``````

And I had to run the program to rediscover that, despite the fact that I knew darn well it needed to be there.

AND … it still wasn’t right:

``````function SaucerMissile:fromSaucer(saucer)
local rot = math.random()*2*math.pi
local pos = saucer.pos + vec2(saucer:killDist() + 1, 0):rotate(rot)
local vel = U.missileVelocity:rotate(rot) + saucer.step
return SaucerMissile(pos, vel)
end
``````

OMG! Now they don’t appear on the screen. That’s because a) they don’t register with the universe, and b) they don’t know how to draw and move. That code needs to come from Missile. I’ll copy/paste it in for now but we’ve gotta talk about this.

After pasting those methods in and editing them to the right class, it seems to work. But my bubble of confidence from the test has been burst. We did test killing and scoring and those do work. We didn’t test whether saucers fire saucer missiles and whether those missiles move and show up on the screen. Had this been something more subtle, we could have gone a long time without discovering the errors.

We also have substantial duplication now between Missile and SaucerMissile. I believe that `init`, `draw`, `move`, `killDist` and `die` are identical between the two classes, and only `collide` and `mutuallyDestroy` are different, plus we had to copy and add `inRange`. This class is like 80 percent identical to `Missile`, maybe more.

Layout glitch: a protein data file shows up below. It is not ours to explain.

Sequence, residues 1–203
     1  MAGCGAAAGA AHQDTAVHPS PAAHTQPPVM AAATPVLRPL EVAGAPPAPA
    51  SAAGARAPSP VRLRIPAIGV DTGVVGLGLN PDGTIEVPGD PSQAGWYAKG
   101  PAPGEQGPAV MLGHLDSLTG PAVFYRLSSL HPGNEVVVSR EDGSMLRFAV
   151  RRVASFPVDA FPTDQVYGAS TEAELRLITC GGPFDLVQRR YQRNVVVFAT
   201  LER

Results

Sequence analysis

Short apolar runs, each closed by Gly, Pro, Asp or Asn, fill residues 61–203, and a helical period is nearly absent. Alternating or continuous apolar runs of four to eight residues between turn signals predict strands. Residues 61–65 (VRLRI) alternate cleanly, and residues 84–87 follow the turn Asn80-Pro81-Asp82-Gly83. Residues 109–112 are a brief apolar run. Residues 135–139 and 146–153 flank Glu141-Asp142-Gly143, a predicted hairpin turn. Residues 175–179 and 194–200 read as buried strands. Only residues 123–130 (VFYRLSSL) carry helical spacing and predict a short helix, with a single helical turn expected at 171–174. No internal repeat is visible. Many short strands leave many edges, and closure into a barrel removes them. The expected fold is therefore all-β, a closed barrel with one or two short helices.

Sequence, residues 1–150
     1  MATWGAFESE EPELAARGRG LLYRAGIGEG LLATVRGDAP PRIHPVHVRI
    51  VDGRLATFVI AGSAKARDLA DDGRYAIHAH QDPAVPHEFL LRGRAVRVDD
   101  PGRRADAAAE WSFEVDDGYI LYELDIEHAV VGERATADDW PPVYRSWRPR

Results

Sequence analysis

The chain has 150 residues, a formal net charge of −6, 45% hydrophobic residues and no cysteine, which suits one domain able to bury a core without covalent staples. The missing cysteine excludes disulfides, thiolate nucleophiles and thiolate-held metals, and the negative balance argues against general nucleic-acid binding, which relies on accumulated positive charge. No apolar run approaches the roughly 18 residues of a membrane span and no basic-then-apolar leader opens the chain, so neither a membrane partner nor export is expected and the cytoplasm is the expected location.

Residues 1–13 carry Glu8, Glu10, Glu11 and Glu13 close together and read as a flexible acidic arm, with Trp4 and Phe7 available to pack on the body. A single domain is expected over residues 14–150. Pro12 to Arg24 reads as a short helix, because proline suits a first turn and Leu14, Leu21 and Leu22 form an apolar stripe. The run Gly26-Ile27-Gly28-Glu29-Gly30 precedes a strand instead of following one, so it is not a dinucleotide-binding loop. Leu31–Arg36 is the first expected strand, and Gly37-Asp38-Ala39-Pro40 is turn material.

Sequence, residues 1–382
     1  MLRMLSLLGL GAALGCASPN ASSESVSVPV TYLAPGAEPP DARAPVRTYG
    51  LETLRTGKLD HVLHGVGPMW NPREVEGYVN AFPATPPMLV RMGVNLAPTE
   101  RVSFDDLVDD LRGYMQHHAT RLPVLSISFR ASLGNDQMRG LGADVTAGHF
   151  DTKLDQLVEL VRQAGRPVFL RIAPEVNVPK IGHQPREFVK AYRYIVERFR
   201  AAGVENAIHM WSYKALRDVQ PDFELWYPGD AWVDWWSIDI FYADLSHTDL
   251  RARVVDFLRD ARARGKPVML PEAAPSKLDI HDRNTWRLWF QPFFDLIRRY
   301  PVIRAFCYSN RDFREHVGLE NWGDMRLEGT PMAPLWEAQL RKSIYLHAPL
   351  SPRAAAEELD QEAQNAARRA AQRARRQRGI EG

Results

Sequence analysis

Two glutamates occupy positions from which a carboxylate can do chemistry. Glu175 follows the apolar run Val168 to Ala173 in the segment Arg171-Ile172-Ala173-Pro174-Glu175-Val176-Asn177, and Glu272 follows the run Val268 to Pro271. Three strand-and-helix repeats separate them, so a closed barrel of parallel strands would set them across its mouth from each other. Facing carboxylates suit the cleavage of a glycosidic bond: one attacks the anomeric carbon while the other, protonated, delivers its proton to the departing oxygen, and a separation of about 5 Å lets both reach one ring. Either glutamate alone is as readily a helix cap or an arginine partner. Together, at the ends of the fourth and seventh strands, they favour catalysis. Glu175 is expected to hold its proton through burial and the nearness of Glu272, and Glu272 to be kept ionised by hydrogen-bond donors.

The “easy” “fix” is to make SaucerMissile inherit from Missile, and override just the methods we need to change. That will absolutely work (i.e. if it doesn’t work instantly, it can be made to work). But the people who tell me things tell me that inheriting from concrete classes is “bad”.

Before I forget, let’s commit this code: “Saucer Missile working”. Now when I make a mistake real soon now, I’ve not lost the good parts of this work.

A less easy fix would be to pull some or all of the duplicate methods out to another object or objects that support missile activities and use those objects in both `Missile` and `SaucerMissile`. That doesn’t seem tasty to me at all.

Here we’ll finally make the mistake of <dramatic music> subclassing. I’m going to make `SaucerMissile` inherit from `Missile`, remove all the duplicate stuff, and we’ll see if we get in trouble later.

This seems to work. I did have to move the SaucerMissiles tab to the right of the Missiles tab, so that the compiler pics up the new global Missile, but with that in place, `SaucerMissile` looks like this:

``````SaucerMissile = class(Missile)

function SaucerMissile:collide(anObject)
if anObject:is_a(Ship) then
anObject:mutuallyDestroy(self)
end
end

function SaucerMissile:mutuallyDestroy(anObject)
if anObject:is_a(Ship) then
if self:inRange(anObject) then
self:die()
anObject:die()
end
end
end
``````

There’s one test failing, and it’s this one:

``````        _:test("Asteroids increment score", function()
local a = Asteroid()
U.score = 0
a:score()
_:expect(U.score).is(20)
end)
``````

That’s because of our new convention that we pass along the destructor when we score. We’ll fix the test:

``````        _:test("Asteroids increment score", function()
local a = Asteroid()
local m = Missile()
U.score = 0
a:score(m)
_:expect(U.score).is(20)
end)
``````

All the tests pass. Commit: “saucermissile inherits from missile”.

Now to sum up. But first, a break. BRB.

## Summing Up

### Inheritance

Well, first of all, that inheritance. Aside from received wisdom about not using inheritance this way, I like the results. I’ll include the entire `SaucerMissile` hierarchy here, in the hope that some readers will tell me why this is bad and what would be less bad.

``````Destructible = class()

function Destructible:init(x)
assert(false) -- no one should make one of these